Herd immunity from the COVID-19 virus is the place we want to be. The quickest and most efficient way of getting there is widespread vaccination.
Across the nation, various mechanisms have been put in place to facilitate vaccination from big vaccine clinics, to messaging aimed at combating hesitancy, to incentives intended to push fence-sitters toward rolling up their sleeves.
As a country, however, we have stopped short of a vaccine mandate. There is no law requiring vaccination against COVID-19.
Such a law in a country that respects citizens’ right to set their own health care course would be a concerning shift in direction. It would represent a government intrusion into an area of personal privacy that would, at the very least, result in legal challenge. The inevitable conflict that would be stoked by such a measure would distract, ultimately, from the prize of herd immunity.
Likewise, a vaccine passport — a shorthand way of describing a requirement for proof of vaccination — comes very close to a vaccine mandate if any such “passport” were to be required by government. A passport mandate for admission or participation is akin to a vaccination mandate. As such, government should not enshrine any government mandate for a vaccine passport.
Republicans in Pennsylvania’s Senate have begun advancing legislation to prohibit local government units and school districts from requiring a COVID-19 vaccination for access of any sort. The bill has passed the Senate Health and Human Services Committee with six Republicans in favor and four Democrats against. Other states in the nation are pursing similar legislation.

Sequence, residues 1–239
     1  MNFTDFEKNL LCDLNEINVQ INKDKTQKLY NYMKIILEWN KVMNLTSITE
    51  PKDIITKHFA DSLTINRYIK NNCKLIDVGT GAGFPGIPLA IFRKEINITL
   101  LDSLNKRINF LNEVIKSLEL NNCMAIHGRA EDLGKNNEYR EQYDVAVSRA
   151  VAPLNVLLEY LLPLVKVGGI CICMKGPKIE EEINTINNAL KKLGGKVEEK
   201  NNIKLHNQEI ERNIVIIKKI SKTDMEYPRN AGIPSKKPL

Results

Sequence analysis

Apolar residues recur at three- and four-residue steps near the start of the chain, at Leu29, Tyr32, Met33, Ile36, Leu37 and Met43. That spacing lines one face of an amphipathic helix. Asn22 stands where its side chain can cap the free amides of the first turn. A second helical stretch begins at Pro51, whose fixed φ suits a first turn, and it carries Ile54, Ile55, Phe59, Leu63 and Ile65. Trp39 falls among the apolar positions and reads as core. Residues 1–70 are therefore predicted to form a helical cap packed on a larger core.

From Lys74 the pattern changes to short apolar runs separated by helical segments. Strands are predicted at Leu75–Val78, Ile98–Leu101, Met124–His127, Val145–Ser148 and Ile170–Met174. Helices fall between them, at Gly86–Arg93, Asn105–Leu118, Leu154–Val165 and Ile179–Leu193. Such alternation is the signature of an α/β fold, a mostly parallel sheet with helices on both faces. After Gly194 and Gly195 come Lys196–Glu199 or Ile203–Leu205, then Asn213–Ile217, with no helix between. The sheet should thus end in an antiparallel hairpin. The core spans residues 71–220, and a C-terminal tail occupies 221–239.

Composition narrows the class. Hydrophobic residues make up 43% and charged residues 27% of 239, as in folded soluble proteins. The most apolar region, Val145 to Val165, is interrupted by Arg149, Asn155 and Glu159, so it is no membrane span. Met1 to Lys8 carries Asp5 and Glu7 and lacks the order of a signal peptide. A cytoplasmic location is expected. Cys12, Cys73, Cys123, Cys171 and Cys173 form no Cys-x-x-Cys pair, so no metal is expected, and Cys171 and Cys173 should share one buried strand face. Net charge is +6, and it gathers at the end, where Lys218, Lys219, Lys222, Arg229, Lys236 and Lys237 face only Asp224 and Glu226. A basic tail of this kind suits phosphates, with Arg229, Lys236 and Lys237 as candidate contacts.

The prohibition on vaccine passports, as crafted in the proposed Pennsylvania legislation, would apply to local government, state agencies and school districts. They would be precluded from requiring proof of vaccination to enter buildings, use services or engage in activities. The legislation would not apply to private organizations or businesses.
The legislation should become law.
A vaccine passport mandated by any governmental entity is far too close to a de facto vaccine mandate and that constitutes a deep government intrusion into a personal health decision.
It bears repeating that widespread vaccination is the goal. But, citizens must be convinced to take the initiative. They should be persuaded that getting vaccinated is a matter of individual self-interest as well as social conscience. They should be offered incentives. They should be counseled by their doctors and their friends. But, they should not be forced by law or coerced by any measure that is just shy of a legal requirement. Safety is a legitimate concern, especially in the school setting, but testing requirements can be put in place for those who insistently decline to be inoculated against the deadly virus.
In the end, making the choice to be vaccinated is right. But, in this matter and at this time, citizens have a right to be wrong. Any backdoor measure like a required vaccine passport on the part of government is giving too much power to government.
— The Toledo Blade